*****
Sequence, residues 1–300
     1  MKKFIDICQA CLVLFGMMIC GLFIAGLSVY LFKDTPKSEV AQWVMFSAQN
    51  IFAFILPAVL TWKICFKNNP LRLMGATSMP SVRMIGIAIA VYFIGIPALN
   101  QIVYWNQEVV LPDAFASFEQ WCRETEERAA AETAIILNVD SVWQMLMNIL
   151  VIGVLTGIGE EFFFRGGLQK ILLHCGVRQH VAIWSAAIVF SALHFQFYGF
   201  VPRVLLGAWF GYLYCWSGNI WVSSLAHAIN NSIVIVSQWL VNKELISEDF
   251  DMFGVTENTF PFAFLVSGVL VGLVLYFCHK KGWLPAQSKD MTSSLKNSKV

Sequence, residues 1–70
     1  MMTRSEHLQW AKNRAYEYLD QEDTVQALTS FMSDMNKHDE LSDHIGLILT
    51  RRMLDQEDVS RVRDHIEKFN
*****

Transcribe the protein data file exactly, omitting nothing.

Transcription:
Sequence, residues 1–300
     1  MKKFIDICQA CLVLFGMMIC GLFIAGLSVY LFKDTPKSEV AQWVMFSAQN
    51  IFAFILPAVL TWKICFKNNP LRLMGATSMP SVRMIGIAIA VYFIGIPALN
   101  QIVYWNQEVV LPDAFASFEQ WCRETEERAA AETAIILNVD SVWQMLMNIL
   151  VIGVLTGIGE EFFFRGGLQK ILLHCGVRQH VAIWSAAIVF SALHFQFYGF
   201  VPRVLLGAWF GYLYCWSGNI WVSSLAHAIN NSIVIVSQWL VNKELISEDF
   251  DMFGVTENTF PFAFLVSGVL VGLVLYFCHK KGWLPAQSKD MTSSLKNSKV

Sequence, residues 1–70
     1  MMTRSEHLQW AKNRAYEYLD QEDTVQALTS FMSDMNKHDE LSDHIGLILT
    51  RRMLDQEDVS RVRDHIEKFN